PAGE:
It was in the early hours of August 18 (Thursday) finally when Sakshi silenced all her critics forever. The Olympic bronze, first for India in Rio, came as a breath of fresh air and hope for a medal-starved nation. She has already become a role model for many.

At 2.50 am, the country saw Sakshi with the Tricolour draped around her shoulders, raising her arms in joy. She was crying, she was laughing, she was exulting. But what was she crying about? She was the proud winner of bronze, the first to break India’s medal jinx at Rio, scripting history as the fourth female Indian athlete and the first woman wrestler from India to bag an Olympic medal and climb the podium at the world’s biggest sporting event... Then why?

Her tears of joy were tinged with sadness, the heartbreak, the taunts the humiliations of 12 years heaped on her and her family by all those who were now standing up in praise and clapping at her success, back home. This was her answer to everyone of those who put hurdles at every step she took, people who berated her parents, telling them that it was not right for a girl to get into sport, and certainly not wrestling.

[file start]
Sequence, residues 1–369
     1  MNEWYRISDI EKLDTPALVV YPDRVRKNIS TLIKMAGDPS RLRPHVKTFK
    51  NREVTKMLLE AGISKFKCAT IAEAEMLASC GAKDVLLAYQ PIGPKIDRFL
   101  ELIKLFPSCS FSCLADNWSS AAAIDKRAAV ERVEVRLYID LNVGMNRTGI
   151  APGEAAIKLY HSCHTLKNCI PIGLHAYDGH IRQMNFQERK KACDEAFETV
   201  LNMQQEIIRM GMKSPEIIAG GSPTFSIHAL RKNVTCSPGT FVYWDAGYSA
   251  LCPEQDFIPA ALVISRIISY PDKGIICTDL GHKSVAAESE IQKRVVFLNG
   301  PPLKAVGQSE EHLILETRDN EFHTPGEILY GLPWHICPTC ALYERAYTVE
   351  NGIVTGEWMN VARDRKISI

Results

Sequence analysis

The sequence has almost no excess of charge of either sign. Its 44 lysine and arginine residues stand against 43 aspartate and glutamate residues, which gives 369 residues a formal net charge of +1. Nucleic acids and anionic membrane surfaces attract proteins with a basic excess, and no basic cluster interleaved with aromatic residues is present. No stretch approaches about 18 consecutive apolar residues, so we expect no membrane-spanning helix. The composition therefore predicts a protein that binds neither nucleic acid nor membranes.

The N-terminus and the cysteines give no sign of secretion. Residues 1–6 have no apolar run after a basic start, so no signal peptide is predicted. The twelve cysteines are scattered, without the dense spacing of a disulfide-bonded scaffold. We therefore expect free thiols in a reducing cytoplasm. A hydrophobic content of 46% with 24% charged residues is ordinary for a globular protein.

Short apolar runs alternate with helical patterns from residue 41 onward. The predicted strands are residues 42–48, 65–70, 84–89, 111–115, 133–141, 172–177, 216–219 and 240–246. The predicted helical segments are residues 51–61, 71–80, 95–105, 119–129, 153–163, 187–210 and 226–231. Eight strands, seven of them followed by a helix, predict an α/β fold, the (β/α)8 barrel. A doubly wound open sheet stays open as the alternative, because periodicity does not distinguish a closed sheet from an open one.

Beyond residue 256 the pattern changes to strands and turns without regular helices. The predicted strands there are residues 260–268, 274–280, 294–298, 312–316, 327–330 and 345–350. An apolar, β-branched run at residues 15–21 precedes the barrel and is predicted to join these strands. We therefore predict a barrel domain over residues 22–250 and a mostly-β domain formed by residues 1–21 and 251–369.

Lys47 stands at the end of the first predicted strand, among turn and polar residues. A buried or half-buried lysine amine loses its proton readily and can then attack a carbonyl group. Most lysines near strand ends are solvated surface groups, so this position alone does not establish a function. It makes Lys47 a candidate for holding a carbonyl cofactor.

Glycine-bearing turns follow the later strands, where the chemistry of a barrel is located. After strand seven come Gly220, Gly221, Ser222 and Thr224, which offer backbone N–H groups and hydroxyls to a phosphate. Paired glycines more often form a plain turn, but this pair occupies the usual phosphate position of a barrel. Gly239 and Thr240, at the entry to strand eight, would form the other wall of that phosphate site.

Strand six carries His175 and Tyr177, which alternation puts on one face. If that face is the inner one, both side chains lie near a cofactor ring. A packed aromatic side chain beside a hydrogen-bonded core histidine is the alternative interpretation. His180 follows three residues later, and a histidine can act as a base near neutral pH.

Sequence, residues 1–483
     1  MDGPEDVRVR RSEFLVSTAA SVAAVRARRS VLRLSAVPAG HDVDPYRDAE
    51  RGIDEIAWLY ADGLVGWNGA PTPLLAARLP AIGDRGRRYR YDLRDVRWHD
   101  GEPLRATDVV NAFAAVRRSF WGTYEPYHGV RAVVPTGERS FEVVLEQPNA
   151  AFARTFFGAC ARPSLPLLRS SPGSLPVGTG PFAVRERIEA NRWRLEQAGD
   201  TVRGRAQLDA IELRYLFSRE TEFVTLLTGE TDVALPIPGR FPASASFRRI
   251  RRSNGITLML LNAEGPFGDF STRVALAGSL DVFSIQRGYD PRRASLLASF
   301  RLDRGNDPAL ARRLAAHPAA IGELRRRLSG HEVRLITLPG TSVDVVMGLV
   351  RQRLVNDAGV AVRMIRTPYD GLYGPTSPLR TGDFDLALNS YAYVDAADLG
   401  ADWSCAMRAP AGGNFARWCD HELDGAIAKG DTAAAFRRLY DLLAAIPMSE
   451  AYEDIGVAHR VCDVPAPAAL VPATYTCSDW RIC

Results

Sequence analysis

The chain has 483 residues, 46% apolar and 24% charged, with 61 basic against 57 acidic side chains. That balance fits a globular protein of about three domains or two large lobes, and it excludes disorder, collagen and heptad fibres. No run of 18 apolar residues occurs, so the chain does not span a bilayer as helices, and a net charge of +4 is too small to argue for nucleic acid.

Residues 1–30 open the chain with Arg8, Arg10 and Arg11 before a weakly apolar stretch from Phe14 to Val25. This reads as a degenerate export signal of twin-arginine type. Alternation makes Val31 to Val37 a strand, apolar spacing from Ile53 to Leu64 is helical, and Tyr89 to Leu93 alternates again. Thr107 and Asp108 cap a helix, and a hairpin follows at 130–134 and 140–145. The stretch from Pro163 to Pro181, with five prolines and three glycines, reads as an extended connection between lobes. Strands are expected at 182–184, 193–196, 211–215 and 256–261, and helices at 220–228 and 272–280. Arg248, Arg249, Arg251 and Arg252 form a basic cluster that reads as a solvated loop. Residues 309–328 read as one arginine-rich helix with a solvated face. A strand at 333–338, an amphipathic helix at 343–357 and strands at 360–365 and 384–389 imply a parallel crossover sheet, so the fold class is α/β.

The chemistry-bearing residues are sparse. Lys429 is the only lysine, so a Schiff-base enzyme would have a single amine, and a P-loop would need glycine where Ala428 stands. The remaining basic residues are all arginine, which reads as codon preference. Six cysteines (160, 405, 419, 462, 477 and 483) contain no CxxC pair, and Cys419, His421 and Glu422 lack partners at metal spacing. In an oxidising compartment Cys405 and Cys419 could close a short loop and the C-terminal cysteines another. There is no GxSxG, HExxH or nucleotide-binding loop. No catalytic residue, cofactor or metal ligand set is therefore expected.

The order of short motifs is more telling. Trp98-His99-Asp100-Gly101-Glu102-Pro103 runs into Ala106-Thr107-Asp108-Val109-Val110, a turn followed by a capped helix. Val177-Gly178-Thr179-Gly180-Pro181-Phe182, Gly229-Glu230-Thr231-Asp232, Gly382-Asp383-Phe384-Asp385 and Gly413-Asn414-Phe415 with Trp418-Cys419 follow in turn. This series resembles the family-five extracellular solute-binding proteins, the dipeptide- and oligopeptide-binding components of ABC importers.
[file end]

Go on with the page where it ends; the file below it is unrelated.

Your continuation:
People who advised her on how to walk, how not to smile in public, how to avoid staying out in the evenings, and all that.

Sakshi’s comeback win over her opponent, Kyrgyzstan’s Aisuluu Tynybekova, has certainly set a new course for the girl child. The journey from Rohtak to Rio has opened a new opportunity for every woman of Haryana. Perhaps, never again in this Jatland, will people discourage girls from taking up a sport of their choice while growing up.

After her 14-hour-long flight to India, Sakshi now just wants to eat and do what was forbidden to her in order to keep her weight in check for the Games. She is a fit candidate to be the brand ambassador for Haryana’s Beti Bachao, Beti Padhao and Beti Khilao campaign.

The khap panchayats, which were earlier known for their patriarchal attitude towards females, are all lining up to bestow accolades to the first female wrestler from India to win an Olympic medal. “Dream like me,” Sakshi should be telling all the girls around her.

Sakshi opened her eyes in the Malik household to bring happiness in the life of her parents. Twenty-four years later, her birthday should be celebrated to turn around the lives of millions of girls in Haryana with yet another Jat kind of ‘agitation’.